"Hey, crazy lady. I believe in God too. I just don't think he's the bloodthirsty asshole you make him out to be."
  • Fire and Brimstone Hell: Mrs Carmody's interpretation of how one should be a Christian.
  • Flat-Earth Atheist: Norton, as he does not believe in the supernatural.
  • Fog of Doom: It's in the title.
  • Foreshadowing: A suspicious number of soldiers from the Army are seen going into the town early in the movie, and the three in the supermarket learn that their leave has just been cancelled, indicating there's something big happening that's being kept from the general public.
  • Food Chain of Evil: The bat/bird-things prey on the fly/wasp-things.
  • From Nobody to Nightmare: Before the events of the film Mrs. Carmody was just another civilian who was an antiques store owner and the town's local Cloudcuckoolander for being Holier Than Thou, but once these monsters rampage through the streets, she becomes the human Big Bad with her cult made up of other survivors.
  • The Fundamentalist: Mrs. Carmody takes her religious fundamentalism to psychotic extremes. She's outright trying for Dark Messiah — she'll save as many souls of the deserving as she can, but forget actual lives... or how she goes about deciding on the "deserving": throw them to the monsters and sacrifice children.
  • Gainax Ending: The book.
  • Gas Mask Mooks: The soldiers of the US Army wear these, presumably to protect themselves from unknown pathogens or chemicals.
  • Gender Flip: In the radio play adaptation, town selectman Mike Hatlen is town selectwoman Stella Hatlen. She still shares her book counterpart's fate of winding up as spider chow.
  • Gentle Giant: The "Impossibly Tall Creature", a skyscraper-sized monster that appears at the end. Well, at least it doesn't instantly attack the humans' car.. It's so large (larger in the book, but still utterly gigantic in the film) that it probably doesn't even notice them. Which, given everything else, is probably for the best.
  • Giant Enemy Crab: What finally manages to take out Ollie the assistant manager.
  • Giant Spider: Or at least multi-legged things that spin acidic webbing..
  • Go Mad from the Isolation: In the first day the survivors were logical yet fearful as they were trapped in a store. As the story progresses; everyone but David's group becomes god fearing cult zealots who believe their leader is a vessel of God with divine protection and that they are only safe by offering blood sacrifices to the monsters.
  • Go Mad from the Revelation: Jim, one of the members of the pharmacy expedition, is reduced to a gibbering mess upon seeing the spiders hatch from the MP's body. He joins Carmody's cult after he recovers slightly.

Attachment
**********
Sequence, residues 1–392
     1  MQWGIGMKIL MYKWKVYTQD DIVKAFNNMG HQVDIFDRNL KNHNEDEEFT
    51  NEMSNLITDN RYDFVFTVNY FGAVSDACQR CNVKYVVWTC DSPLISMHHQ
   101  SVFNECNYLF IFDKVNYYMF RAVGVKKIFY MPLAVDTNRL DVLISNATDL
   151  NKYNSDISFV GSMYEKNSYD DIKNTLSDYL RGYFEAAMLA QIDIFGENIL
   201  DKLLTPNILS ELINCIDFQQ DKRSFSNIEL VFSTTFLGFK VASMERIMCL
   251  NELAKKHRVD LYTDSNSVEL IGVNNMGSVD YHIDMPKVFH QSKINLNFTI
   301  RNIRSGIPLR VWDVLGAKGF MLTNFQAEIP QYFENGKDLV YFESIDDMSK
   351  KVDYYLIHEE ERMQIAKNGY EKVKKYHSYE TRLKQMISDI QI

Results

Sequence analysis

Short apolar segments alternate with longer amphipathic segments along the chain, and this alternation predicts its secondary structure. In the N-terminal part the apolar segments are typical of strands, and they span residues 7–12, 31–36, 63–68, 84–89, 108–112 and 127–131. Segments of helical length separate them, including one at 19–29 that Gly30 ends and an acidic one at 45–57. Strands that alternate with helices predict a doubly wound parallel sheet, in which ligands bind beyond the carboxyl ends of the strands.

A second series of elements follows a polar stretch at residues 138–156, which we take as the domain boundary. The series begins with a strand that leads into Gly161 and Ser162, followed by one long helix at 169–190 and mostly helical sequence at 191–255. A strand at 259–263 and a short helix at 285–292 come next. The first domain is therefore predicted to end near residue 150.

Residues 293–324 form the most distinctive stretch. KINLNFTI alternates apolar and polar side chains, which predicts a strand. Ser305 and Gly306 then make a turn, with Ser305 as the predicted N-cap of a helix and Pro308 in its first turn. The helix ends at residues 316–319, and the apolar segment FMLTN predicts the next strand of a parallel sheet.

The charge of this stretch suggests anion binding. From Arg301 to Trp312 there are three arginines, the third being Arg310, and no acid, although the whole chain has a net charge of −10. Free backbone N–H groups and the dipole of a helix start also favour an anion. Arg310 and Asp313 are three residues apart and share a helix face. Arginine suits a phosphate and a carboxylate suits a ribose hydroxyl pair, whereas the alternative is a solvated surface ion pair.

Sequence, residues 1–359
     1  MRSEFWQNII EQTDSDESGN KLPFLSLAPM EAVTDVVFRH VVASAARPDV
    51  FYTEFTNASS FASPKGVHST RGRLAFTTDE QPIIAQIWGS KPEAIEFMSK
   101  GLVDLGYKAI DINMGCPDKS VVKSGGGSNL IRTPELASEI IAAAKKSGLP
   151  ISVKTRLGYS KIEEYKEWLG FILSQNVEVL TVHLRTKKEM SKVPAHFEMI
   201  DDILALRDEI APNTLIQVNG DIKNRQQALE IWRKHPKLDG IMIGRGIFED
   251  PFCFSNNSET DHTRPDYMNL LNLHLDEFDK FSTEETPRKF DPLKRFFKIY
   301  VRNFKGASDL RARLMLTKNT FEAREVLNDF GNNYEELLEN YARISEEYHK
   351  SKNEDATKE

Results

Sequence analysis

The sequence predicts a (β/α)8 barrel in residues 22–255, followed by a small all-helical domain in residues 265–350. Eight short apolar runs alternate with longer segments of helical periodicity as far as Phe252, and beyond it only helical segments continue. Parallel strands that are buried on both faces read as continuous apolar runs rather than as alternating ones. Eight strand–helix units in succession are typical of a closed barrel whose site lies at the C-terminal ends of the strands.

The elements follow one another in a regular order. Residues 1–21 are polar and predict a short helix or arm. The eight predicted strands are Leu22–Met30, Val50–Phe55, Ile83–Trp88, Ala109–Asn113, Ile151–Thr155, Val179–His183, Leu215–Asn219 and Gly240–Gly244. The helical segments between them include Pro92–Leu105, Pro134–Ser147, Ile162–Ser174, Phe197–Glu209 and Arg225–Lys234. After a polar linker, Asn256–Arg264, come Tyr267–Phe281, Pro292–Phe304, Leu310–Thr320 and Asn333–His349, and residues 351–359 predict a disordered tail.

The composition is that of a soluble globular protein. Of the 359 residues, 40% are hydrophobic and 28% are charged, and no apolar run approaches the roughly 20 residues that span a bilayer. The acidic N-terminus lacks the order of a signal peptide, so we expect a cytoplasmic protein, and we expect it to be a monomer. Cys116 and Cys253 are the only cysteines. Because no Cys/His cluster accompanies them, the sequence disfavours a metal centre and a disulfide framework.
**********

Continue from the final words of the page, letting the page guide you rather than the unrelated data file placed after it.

• God Is Evil: Mrs Carmody believes that God can only be appeased through blood and sacrifice. She believed that the event mirrored passages from her bible and she wanted people to repeat The Binding of Isaac in order to appease him. At first people didn't believe her but when one of the insects had lost interest in her after landing on her, they started agreeing with her beliefs and believed that Carmody had divine protection by being God's vessel.
  • Gory Discretion Shot: The scene at the end of the film where David shoots his son and the other three passengers. Then you hear a scream of pure anguish.
  • Government Conspiracy: Although it is never stated outright, the secretive Arrowhead Project at the Shaymore military base is believed by most of the characters to be the cause of the disaster. In the movie one of the soldiers in the store confirms this theory.
  • Half the Man He Used to Be: Was that shotgun really worth it?
  • Harbinger of Impending Doom: The first guy who runs, bleeding, into the store.
  • Hate Sink:
    • Mrs. Carmody. Big time. And it is done almost disturbingly well, as, when Ollie kills her, the emotion the viewer experiences is pure joy and satisfaction.
    • Brent Norton. Primarily it is because of how stubborn and how much of a Straw Vulcan he is. Despite the fact there are monsters outside the mist, he firmly keeps saying this is all because David wants to "get back at him" for some lawsuit that occurred before the events of the book. The movie makes him way worse and he is just completely as unlikable as Mrs. Carmody, but without all the Large Ham moments.
  • Hobbes Was Right: Once the people in the store are deprived of technology and social structure, they'll start listening to anyone with a solution to their problems. Carmody's cult starts sacrificing people because they believe it's the only thing keeping the monsters at bay and because they don't want to be sacrificed next. As Ollie cynically puts it;
    Ollie: "As a species we're fundamentally insane. Put more than two of us in a room, we pick sides and start dreaming up reasons to kill one another."
  • Holier Than Thou: Mrs. Carmody.
  • A House Divided: Roughly half the cast are more interested in bickering with each other than actual survival.
  • Humanity Is Insane: As Ollie calmly illustrates when the humans start tearing each other apart: "As a species we're fundamentally insane. Put more than two of us in a room, we pick sides and start dreaming up reasons to kill one another."
  • Human Sacrifice: Mrs. Carmody persuades her cult to start doing this to appease God and the creatures outside in the mist. Ironically, it probably did the exact opposite and just attracted more of them to the scene of an easy meal.